Dance music is in an extremely odd spot these days. All the trends on streaming and download sites point to an insatiable appetite for nostalgia. Regular readers might recall an article this site published in December, pointing to the high number of remixes of older records in the Traxsource best sellers for the year.

For a genre which is traditionally used to eternally looking towards the future, this creates an unusual situation. On the one hand, they want to tap into this trend – not least because it helps make them money. On the other, many in the industry know that there isn’t an endless supply of older records to rinse for cash all over again.

Tapping into nostalgia for the 90s – an era which is constantly viewed these days in the most dewy-eyed, rose-tinted manner possible – is something which there’s money to be made out of. And Masters At Work, the duo consisting of long-time friends Louie Vega and Kenny Gonzalez, are absolutely no exception to the rule.

Back in 1993, they founded a group called Nuyorican Soul. The idea behind the group was to allow them to showcase things which wouldn’t fit under their very successful Masters At Work brand. There was plenty to show off as well – aside from “The Nervous Track”, there were releases such as “Mind Fluid”, “Runaway”, “I Am The Black Gold Of The Sun” and “You Can Do It (Baby)”, featuring George Benson.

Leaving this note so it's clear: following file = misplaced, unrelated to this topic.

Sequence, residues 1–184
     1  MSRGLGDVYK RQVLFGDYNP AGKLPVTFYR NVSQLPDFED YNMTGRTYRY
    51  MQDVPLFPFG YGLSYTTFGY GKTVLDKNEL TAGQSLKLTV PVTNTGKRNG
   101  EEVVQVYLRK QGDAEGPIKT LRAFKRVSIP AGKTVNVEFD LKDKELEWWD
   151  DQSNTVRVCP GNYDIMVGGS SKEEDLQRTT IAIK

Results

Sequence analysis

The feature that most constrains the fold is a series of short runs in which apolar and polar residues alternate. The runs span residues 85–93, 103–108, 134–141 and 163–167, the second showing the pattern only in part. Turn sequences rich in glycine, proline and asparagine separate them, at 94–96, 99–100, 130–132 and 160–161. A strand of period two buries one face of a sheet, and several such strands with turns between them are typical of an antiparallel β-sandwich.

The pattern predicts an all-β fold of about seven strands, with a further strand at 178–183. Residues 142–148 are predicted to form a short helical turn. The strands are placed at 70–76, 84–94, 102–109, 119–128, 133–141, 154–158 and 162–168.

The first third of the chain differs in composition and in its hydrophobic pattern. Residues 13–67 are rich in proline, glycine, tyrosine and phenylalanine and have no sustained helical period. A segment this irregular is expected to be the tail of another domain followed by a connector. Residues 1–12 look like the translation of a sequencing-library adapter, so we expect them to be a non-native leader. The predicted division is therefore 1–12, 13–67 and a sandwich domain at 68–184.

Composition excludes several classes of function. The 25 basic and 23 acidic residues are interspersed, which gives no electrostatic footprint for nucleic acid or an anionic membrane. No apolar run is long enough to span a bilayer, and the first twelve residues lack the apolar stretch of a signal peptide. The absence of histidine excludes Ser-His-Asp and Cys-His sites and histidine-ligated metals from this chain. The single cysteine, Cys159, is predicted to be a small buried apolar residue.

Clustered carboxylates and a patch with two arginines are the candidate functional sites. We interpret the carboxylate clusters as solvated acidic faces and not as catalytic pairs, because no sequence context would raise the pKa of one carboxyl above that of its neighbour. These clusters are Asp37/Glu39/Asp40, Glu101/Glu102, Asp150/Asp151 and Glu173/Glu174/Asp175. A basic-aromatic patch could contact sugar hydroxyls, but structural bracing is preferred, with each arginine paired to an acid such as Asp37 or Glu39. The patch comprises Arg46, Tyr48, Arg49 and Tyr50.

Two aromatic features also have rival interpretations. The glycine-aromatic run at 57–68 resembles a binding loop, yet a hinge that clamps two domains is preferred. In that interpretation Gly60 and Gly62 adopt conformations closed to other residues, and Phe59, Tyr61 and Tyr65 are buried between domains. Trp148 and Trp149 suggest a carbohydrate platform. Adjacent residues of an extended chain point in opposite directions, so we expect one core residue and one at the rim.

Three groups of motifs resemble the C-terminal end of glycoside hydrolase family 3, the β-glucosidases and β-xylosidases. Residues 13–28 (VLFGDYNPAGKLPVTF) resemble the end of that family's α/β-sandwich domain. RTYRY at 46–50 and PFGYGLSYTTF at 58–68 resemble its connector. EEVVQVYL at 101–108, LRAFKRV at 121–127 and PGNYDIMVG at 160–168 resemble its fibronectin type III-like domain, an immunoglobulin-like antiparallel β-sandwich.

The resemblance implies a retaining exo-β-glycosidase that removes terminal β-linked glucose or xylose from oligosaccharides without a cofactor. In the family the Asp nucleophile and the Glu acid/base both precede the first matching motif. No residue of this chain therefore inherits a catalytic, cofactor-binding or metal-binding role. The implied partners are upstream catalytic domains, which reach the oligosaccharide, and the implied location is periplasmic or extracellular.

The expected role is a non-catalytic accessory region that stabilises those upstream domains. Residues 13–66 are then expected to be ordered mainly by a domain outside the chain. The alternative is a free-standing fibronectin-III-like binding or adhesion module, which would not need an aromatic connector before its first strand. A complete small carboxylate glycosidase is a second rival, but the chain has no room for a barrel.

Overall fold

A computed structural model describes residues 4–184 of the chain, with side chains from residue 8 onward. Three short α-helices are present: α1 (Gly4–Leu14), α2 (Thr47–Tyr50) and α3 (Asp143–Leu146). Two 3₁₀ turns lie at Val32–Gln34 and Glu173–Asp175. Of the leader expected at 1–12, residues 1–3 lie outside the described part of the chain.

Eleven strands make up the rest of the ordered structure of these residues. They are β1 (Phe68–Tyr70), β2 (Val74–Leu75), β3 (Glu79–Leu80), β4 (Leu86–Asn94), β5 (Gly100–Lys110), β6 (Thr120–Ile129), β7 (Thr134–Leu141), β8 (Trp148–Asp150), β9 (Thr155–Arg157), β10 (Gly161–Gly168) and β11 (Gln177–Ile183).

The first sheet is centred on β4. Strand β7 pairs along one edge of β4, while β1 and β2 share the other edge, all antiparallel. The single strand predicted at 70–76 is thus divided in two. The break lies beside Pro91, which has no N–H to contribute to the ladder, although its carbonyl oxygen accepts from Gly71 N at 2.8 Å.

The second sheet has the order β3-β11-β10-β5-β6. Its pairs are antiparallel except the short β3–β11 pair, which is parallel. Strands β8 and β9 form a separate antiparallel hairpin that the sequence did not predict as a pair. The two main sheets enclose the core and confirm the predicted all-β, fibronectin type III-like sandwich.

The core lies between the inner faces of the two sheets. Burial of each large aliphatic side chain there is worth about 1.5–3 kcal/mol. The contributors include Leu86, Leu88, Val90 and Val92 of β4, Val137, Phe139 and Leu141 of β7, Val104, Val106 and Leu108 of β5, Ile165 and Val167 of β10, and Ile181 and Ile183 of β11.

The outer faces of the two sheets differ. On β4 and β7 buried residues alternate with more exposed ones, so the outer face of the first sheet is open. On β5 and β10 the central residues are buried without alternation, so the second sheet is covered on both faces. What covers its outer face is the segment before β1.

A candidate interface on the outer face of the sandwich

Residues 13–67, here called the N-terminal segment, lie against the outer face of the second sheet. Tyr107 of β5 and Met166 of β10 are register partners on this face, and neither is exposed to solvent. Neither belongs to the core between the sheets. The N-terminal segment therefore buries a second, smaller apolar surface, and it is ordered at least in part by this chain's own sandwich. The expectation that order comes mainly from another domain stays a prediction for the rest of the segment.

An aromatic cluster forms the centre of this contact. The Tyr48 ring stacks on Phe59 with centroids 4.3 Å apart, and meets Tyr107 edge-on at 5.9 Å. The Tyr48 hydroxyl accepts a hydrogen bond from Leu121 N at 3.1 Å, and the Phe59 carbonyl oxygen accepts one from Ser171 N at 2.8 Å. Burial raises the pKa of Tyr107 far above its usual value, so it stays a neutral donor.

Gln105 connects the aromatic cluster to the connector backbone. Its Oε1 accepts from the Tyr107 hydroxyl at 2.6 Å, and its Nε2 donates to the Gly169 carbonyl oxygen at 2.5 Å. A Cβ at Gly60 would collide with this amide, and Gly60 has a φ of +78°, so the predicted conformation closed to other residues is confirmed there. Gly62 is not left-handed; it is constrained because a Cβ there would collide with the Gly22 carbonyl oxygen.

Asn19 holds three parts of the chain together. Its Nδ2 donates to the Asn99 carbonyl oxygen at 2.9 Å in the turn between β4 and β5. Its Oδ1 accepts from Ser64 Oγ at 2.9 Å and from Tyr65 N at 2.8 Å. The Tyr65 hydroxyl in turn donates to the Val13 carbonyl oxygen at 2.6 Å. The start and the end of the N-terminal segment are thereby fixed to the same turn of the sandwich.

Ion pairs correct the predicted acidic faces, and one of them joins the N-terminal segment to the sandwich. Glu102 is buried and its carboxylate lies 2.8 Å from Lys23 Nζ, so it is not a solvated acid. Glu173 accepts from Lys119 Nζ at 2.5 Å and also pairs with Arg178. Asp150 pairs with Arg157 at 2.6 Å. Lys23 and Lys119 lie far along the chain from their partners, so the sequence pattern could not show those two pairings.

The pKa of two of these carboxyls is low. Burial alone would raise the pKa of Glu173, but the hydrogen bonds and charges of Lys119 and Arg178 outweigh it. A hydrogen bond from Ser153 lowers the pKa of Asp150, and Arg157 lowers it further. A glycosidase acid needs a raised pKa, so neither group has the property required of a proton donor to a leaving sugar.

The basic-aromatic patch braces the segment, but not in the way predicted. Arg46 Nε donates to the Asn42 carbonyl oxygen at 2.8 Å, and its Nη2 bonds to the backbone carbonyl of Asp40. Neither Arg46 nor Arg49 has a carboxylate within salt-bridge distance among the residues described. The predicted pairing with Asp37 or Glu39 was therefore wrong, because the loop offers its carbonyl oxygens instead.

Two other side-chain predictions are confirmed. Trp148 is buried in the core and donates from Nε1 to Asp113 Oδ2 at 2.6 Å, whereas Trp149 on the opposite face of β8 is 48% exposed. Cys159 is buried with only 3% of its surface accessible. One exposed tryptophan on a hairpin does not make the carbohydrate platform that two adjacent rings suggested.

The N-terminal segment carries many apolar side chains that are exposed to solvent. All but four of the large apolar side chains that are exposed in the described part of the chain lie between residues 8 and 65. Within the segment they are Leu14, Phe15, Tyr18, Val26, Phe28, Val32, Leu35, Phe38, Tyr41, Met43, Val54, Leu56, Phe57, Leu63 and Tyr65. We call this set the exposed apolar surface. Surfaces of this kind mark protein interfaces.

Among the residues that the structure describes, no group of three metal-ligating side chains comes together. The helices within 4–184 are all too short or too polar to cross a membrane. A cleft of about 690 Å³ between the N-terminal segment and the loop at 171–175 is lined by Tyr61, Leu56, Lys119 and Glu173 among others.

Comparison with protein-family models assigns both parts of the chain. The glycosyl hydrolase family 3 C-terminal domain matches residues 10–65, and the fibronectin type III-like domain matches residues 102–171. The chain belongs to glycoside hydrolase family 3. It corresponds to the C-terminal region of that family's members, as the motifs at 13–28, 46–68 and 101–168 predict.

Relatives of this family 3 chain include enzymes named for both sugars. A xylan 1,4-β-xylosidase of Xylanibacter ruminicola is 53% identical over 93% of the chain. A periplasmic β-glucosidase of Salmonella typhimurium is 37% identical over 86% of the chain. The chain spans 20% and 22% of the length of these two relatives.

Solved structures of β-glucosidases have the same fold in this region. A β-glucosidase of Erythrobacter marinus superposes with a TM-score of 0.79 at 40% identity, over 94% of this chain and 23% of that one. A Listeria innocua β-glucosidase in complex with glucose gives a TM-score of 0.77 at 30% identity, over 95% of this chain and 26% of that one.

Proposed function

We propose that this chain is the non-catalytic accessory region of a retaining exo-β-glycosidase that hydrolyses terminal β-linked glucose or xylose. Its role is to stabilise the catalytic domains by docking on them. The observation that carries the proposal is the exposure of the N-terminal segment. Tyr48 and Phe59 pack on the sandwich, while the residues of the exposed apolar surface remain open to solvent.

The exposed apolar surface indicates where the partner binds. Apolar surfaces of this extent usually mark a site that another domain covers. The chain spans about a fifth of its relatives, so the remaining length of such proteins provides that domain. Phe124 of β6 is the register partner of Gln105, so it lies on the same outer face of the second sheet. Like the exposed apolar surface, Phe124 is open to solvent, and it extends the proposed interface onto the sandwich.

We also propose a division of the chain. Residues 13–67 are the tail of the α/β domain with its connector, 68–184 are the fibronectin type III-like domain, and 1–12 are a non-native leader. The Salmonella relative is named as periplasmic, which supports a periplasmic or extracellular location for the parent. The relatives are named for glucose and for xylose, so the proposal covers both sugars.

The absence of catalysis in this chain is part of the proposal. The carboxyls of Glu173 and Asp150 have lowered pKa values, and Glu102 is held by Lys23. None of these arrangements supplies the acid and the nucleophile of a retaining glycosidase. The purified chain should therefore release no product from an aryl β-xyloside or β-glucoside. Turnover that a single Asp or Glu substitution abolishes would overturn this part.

The two gentlemen have now decided that it’s time to acknowledge that success, by appearing at the We Out Here festival at the end of August. Posters for the event state “Masters At Work celebrate 25 years of Nuyorican Soul”. Yet amidst all this, one rather awkward point hasn’t been mentioned.

And that’s the fact that Nuyorican Soul haven’t released any original material for 24 years. Discogs listings reveal the final release from the band was “I Love The Nightlife (Disco Round)”, a distinctly underwhelming collaboration with India. This came out in 1998 – and as far as I’ve been able to establish, no further new material was ever released.

Now, we don’t question for one minute how talented Vega and Gonzalez are. They have the distinct ability to work with top talent and somehow bring out the best in everyone around them. But it’s hard to see this as anything other than someone trying to milk a cow dry that’s effectively been decommissioned for over 24 years…